For a while now (what, over a year?) the folks at Mathblogging.org have been choosing their weekly ‘picks’ of the blogs coming through their aggregator. The promise at the start of each post has amazed me:
We try to read every blog post that goes through Mathblogging.org. For the Weekly Picks, we collect posts from last week that give you an impression of what the mathematical blogosphere has to offer.
This, to me, seems an incomprehensibly difficult task. There’s so much out there and a massive selection of blogs are now indexed at the site. In light of this resource, our current attempt to revive the Carnival of Mathematics did leave me wondering whether we were barking up the wrong tree in ‘a Mathblogging.org world’.
Now the incredible level of effort that must be needed for this ever-increasing task has proven unsustainable. In a post entitled “The Weekly Picks are dead, long live the Weekly Picks“, Peter Krautzberger outlines a plan to cope with this:
The goal of the Weekly Picks has always been to show off the wealth of the mathematical blogosphere and to offer an accessible introduction to the various types of mathematical blogs out there…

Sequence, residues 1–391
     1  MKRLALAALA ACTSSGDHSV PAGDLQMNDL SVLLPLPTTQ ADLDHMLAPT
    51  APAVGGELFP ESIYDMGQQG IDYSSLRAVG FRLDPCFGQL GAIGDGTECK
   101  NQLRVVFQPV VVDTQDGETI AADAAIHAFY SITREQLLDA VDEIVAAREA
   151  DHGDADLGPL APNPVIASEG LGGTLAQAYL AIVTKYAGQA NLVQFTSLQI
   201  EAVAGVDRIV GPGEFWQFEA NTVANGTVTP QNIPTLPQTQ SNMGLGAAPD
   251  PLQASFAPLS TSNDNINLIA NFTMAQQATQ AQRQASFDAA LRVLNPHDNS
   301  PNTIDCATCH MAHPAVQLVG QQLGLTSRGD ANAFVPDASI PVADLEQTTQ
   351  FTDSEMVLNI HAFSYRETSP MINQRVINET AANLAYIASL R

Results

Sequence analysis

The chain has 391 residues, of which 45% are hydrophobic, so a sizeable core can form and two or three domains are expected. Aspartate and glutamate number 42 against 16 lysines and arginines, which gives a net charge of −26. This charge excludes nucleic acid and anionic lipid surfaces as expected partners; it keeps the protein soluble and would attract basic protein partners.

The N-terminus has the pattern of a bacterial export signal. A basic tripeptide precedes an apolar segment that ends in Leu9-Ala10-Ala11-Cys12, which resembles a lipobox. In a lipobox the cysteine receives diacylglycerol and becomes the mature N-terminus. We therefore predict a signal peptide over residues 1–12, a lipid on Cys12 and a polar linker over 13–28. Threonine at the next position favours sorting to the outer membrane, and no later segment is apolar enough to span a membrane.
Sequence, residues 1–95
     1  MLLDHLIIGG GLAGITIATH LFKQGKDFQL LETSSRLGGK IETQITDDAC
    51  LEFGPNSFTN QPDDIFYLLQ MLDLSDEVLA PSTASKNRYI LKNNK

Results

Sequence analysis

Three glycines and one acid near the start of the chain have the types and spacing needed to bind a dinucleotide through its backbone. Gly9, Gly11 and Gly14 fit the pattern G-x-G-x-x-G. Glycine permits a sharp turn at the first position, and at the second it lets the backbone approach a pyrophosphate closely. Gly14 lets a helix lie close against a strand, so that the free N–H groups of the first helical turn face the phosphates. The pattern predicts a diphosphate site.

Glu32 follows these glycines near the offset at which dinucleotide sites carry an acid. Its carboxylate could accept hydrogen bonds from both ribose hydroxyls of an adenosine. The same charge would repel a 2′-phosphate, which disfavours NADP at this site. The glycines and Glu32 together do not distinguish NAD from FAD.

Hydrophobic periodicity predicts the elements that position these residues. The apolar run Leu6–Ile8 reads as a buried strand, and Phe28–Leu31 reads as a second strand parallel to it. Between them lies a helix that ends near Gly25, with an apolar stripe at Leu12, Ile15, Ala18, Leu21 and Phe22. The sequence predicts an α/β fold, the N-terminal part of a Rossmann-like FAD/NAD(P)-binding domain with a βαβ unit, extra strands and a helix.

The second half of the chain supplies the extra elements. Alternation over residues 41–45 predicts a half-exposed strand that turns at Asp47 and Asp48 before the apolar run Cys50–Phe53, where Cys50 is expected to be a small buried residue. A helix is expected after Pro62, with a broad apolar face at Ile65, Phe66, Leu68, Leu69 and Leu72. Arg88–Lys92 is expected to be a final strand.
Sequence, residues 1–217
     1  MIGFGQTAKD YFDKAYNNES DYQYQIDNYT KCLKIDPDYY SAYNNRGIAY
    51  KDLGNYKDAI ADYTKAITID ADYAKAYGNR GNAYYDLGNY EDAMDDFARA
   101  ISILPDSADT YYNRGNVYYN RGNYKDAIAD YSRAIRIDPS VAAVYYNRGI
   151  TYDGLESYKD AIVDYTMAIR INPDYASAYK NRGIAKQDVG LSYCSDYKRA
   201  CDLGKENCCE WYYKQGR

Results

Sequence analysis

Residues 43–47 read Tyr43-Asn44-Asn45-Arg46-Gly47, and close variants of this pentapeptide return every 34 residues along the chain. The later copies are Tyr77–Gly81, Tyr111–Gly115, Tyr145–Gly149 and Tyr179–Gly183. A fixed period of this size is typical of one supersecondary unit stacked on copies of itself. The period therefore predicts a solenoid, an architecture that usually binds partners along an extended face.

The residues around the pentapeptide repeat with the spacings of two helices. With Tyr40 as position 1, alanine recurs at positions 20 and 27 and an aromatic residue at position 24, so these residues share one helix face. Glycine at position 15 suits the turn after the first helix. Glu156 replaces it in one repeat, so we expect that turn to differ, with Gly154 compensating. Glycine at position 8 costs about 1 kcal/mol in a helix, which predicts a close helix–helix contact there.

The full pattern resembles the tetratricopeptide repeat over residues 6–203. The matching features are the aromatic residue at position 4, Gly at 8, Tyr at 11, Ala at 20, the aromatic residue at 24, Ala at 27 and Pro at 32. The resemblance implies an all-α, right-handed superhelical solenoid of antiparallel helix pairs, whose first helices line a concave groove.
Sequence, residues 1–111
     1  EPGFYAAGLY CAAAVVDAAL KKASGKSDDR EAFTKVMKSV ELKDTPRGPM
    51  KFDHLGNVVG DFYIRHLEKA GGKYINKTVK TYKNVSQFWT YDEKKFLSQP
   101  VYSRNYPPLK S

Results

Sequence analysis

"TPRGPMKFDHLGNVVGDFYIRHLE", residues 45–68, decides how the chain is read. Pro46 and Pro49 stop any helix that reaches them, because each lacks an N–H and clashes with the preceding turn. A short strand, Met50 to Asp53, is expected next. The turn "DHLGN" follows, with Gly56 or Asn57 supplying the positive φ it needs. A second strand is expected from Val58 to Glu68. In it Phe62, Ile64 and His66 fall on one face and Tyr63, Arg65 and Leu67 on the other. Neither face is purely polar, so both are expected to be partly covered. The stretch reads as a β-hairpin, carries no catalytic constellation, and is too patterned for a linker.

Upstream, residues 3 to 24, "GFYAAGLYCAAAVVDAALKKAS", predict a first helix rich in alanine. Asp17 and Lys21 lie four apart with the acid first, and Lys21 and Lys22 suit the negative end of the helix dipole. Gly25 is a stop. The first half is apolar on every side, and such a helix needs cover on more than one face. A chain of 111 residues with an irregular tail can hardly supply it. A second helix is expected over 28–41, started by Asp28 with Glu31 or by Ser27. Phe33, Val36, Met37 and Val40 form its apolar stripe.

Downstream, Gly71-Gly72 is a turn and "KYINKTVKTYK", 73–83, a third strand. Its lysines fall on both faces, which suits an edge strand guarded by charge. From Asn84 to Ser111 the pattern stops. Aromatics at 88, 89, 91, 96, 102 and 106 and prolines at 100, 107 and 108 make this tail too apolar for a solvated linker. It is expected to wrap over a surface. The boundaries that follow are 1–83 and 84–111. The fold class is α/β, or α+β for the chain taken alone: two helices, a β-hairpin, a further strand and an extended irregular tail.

For the next few weeks, we will focus the Weekly Picks on a different category each week. This will give us the room to present the full spectrum of the community.
This seems to be a reasonable plan to deal with this ever-growing task, and I’m delighted to hear the Mathblogging.org folks are human after all! However, there is a problem:
We realize this means we might be missing some great posts that just happen to appear on a week where we do not cover that category.
Aha, here is somewhere the Carnival can step in. If you feel a post you’ve written has been overlooked because Mathblogging.org wasn’t looking at your type of blog this week, you can submit it to the Carnival of Mathematics. (Of course, it’s then up to the current host to decide whether to include it.)
This approach has its problems too – much is missed, or determined by various biases or whether bloggers have heard of it or remember to submit. But while the Mathblogging.org ‘weekly picks’ represents a completist approach now focused on each category in turn, the Carnival attempts to catch the best posts across all with its anarchic, community-led method. Perhaps there is room in the world for both approaches, after all.